Arrow episodes are on hold this weekend so I can make it all about Loki, the latest Disney+ MCU show! "But wait," you may be saying, "didn't Loki debut on Wednesday?" Well, yes, you're right. Talking about shows on the weekend was set up on this blog thinking all new episodes of Disney+ shows would go live on Friday, but then they decided to throw a curveball and have Loki drop the same day weekly comic books do. I'm sticking to show reviews going up on Saturday for this series, but if the next one also drops on Wednesdays--signs point to it being What If...?--I'll probably be forced to rethink stuff. But enough about that, let's talk about the implications of Marvel's newest show!
It's the weekend, which means more of me rambling about Arrow episodes! I know that June is Pride Month and the show at this point has little to no queer representation, but I'd already started this project before June and I'm reviewing queer movies on weekdays, so lemme have this little break. Last we saw, Oliver Queen got absolutely trounced by an assassin revealed (to us, not Oliver) to be Malcolm Merlyn, the first season's big bad. Where does this main plot go in these episodes? Not really anywhere super noteworthy, but that's the nature of long-running shows: not every episode can further the metaplot in a meaningful way.
Welcome back to me talking about Arrow, a thing I still haven't come up with a cute name for yet. This batch of episodes wraps up with episode 9, the midseason break. Is that something I have to explain? Just in case, way back in the Before Times, weekly TV shows often took a break for a month or so around the middle of a season to give the actors and creators a little break. Usually it'd end on a cliffhanger, and this sort of has one!
What's this? More Arrow episodes? I was ahead with stuff for once, so I figured I'd continue watching episodes so that it doesn't take me fifty years to reach the seasons currently airing. Don't expect this to be a regular thing--especially with Loki's premiere right around the corner.
Welcome back to me talking about Arrow season 1! Last time we talked about the pilot episode where we learned that Oliver Queen was shipwrecked on an island for five years, has recently come back home, and is a superhero vigilante on the downlow. With the pilot out of the way and a couple plot threads for the season already showing, the next couple episodes build up the main characters. But this is a show for the CW network, so there will be action sequences to go with over the top drama. So, pretty much like a comic book.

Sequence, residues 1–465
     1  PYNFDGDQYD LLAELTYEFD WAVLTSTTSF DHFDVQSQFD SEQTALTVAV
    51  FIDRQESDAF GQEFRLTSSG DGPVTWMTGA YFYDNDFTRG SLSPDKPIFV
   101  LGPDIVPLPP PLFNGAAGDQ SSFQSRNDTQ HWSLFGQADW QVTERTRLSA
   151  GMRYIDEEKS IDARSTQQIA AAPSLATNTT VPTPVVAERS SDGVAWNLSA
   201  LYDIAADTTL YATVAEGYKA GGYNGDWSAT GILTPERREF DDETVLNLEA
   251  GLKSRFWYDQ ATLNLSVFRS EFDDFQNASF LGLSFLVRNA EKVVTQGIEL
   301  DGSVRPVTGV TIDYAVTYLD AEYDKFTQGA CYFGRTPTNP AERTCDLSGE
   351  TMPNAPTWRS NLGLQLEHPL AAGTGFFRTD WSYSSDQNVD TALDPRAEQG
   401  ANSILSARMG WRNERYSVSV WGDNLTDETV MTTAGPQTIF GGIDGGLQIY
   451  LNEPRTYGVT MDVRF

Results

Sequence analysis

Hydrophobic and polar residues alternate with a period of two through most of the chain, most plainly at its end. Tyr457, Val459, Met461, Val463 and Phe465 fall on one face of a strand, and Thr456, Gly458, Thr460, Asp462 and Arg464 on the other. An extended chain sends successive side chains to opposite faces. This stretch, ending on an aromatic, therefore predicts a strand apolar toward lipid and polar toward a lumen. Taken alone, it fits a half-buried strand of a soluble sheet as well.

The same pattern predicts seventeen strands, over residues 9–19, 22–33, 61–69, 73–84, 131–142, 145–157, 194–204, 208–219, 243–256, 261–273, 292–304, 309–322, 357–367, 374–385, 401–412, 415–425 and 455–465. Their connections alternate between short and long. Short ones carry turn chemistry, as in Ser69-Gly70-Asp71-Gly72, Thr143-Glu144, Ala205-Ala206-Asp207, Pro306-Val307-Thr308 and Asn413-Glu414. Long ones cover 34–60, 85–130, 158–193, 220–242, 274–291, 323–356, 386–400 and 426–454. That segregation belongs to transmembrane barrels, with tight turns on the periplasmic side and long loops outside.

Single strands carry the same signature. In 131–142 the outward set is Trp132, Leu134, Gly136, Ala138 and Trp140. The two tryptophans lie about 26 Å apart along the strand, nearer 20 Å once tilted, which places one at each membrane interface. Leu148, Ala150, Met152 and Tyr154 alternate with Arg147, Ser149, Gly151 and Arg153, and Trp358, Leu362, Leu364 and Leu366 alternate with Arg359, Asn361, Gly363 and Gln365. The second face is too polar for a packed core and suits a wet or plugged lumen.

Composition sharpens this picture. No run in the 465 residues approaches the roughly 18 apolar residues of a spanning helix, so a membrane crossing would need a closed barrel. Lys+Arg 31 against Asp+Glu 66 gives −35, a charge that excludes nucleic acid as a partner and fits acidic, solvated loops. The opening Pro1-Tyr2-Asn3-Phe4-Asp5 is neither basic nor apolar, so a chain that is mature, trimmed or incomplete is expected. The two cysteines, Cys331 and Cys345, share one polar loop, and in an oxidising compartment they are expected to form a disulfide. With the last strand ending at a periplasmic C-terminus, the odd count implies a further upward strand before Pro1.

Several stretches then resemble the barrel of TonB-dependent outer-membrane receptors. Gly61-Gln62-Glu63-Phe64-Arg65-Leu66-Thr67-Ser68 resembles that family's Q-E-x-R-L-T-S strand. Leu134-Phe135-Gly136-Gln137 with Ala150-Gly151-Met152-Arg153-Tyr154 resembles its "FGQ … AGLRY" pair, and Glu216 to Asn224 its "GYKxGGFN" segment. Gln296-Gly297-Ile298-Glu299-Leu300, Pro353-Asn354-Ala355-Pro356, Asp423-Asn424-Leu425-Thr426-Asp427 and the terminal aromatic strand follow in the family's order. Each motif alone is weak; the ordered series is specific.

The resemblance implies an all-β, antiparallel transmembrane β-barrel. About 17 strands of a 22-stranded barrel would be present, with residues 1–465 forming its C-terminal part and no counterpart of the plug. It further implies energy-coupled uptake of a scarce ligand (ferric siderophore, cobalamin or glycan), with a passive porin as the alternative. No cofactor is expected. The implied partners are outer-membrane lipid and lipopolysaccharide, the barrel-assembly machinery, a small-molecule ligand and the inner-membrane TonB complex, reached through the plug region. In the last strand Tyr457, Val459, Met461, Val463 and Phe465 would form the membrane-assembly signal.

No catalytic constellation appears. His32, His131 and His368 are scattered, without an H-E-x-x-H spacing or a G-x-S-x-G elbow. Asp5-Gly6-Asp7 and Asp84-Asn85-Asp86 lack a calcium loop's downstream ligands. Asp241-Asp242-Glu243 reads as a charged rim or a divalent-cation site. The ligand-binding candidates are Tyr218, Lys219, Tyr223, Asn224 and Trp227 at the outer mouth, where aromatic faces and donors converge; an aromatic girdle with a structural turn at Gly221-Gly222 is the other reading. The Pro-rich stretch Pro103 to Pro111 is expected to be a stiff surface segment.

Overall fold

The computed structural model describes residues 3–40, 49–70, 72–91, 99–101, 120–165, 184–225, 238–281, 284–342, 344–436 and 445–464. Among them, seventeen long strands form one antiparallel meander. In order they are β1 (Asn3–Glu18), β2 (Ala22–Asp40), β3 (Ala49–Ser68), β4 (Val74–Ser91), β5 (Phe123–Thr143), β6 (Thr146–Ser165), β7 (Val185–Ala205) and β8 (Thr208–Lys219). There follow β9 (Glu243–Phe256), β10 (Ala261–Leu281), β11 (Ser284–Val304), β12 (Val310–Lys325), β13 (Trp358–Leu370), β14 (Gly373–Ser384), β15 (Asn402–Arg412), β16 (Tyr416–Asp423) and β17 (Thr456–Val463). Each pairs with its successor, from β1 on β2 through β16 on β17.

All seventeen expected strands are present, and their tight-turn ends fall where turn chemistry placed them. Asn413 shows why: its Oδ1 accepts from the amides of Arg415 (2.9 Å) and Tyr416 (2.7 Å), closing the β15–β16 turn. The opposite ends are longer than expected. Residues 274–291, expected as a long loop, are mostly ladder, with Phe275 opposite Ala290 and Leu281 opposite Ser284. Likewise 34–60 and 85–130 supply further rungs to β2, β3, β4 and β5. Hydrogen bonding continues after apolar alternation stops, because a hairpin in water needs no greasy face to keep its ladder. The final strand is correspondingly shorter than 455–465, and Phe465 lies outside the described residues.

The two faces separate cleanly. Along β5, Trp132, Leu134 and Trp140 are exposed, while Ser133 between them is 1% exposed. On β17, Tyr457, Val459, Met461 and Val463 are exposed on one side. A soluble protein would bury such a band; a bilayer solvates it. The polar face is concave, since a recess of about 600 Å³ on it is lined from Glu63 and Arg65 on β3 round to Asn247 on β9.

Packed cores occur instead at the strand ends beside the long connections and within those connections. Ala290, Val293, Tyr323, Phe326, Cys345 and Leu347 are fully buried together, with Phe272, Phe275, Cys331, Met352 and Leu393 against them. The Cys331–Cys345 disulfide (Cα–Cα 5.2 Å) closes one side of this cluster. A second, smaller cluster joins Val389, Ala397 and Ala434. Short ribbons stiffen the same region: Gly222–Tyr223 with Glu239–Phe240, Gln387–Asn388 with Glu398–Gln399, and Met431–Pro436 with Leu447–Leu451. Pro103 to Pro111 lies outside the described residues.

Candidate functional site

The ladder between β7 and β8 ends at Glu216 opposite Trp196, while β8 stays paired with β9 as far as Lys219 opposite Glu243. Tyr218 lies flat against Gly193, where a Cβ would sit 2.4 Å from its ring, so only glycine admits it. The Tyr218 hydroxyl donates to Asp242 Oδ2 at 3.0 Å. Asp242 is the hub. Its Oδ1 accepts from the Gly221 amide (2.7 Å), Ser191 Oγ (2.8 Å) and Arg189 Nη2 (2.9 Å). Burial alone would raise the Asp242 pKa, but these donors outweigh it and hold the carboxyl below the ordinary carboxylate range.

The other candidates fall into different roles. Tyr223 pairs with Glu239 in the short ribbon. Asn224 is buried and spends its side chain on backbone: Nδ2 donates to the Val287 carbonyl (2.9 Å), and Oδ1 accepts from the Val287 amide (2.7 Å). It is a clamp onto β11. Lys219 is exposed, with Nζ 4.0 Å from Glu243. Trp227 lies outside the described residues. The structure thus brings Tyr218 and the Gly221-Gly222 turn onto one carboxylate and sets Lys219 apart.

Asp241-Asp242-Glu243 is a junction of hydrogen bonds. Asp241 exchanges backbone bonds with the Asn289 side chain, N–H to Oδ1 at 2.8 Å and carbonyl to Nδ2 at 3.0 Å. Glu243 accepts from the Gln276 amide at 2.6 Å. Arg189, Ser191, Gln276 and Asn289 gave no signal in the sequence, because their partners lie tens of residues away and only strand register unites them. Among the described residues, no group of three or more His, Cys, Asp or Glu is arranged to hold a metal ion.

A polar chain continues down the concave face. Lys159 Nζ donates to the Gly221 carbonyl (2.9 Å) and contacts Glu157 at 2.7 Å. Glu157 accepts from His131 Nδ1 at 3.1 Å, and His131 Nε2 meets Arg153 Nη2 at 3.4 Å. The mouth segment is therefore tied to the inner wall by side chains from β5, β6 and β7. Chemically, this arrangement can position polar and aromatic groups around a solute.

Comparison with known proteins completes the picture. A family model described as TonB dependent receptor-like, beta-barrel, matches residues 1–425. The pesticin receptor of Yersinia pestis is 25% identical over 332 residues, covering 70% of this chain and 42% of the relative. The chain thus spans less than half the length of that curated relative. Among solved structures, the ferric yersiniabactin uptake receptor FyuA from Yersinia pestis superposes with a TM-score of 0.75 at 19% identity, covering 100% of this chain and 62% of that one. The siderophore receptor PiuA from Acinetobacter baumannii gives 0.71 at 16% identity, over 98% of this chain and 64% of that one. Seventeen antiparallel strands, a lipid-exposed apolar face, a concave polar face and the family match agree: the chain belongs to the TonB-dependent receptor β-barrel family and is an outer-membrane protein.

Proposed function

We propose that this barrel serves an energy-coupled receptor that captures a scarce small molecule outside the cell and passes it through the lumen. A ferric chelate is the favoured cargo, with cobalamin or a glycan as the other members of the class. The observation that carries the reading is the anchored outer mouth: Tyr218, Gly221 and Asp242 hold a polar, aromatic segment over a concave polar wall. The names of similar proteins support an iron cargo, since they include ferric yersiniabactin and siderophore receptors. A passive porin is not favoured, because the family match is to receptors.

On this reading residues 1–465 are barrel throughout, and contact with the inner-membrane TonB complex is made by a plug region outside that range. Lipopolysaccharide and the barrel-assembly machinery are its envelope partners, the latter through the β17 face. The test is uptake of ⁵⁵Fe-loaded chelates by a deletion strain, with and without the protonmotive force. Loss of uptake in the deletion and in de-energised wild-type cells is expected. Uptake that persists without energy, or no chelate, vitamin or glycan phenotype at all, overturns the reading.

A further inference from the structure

We're finally doing the interconnected superhero shows on the CW channel known as the Arrowverse! This is the start of a very, very large undertaking, so I won't be doing everything in a marathon format. Like with previous series, I'm going to take breaks because holy crap there's a lot to this. As of writing, the Arrowverse consists of 34 seasons across 7 different series (sort of 9), and also two web series (each with two seasons). Holy shit. And they all start crossing over with each other later on? I'll figure out the best way to do that when I get to "Heroes Join Forces," because "Flash vs. Arrow" is more like the two main actors cameoing in each other's show during the same week.
Today's post was supposed to be about literally any other show. Now that I've finished the first season of Higurashi no Naku Koro ni, AKA When They Cry, the sky was the limit! Do I jump back into superhero shows with the first season of Arrow? Start on something I love like Scooby-Doo! Mystery Incorporated? Or pull out something weird from my DVD collection like Sherlock Holmes in the 22nd Century? But no, while looking up... I honestly don't remember what, I discovered the existence of the Canadian cartoon My Life Me, and I haven't been able to get it out of my head ever since. Is it good? Not really, but it has a siren's song on my soul. So here we are, talking about a show I bet literally none of you have ever heard of. On brand for me, but still.
Here we finally are, the last arc in the first season of Higurashi no Naku Koro ni, AKA When They Cry. Or is it series, since the next series/season has a different subtitle, title song, and end credits song? I'm honestly not sure, just like I'm honestly not sure what's really going on in this series. But not necessarily in a bad way? That's the intent, what with it being a mystery series and all, but damn, it would be nice to get some actual answers. Good thing this is a so-called answer arc! So let's jump into Atonement and finish off the first season. Series. Whatever.
With only 6 episodes, The Falcon and the Winter Soldier feels much shorter compared to WandaVision, even though the actual difference in their combined length is about an hour. But man, we went through an emotional roller coaster throughout the series, especially in the season finale. Will there be a season two? Let's dive into the final episode, "One World, One People," and talk about that!
The first four chapters in Higurashi no Naku Koro ni, AKA When They Cry, are referred to as "question arcs." I think it's a great name because I have a whole bunch of questions as to what the fuck is going on. But now we've entered the so-called "answers arcs." I went into the Eye Opening arc completely unprepared for what I was about to see and learn, thinking it was going to follow the pattern I had assumed was there based on the question arcs. Is every question answered? Absolutely not, but I learned enough new things that I realized I've been working on some faulty logic about what's really going on here. This arc is six episodes, so this'll run a little long!